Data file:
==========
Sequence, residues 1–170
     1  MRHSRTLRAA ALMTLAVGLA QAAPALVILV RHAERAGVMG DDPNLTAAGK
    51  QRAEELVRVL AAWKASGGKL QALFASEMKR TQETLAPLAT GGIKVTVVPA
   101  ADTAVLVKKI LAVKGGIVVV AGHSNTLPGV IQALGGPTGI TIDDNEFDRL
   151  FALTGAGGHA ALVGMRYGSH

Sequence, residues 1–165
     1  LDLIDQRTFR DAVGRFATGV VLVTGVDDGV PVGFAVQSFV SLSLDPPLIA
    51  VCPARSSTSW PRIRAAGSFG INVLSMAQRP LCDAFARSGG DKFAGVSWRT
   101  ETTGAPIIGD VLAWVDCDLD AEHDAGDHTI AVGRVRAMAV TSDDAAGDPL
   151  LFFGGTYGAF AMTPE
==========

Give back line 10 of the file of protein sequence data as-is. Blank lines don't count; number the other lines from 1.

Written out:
   151  LFFGGTYGAF AMTPE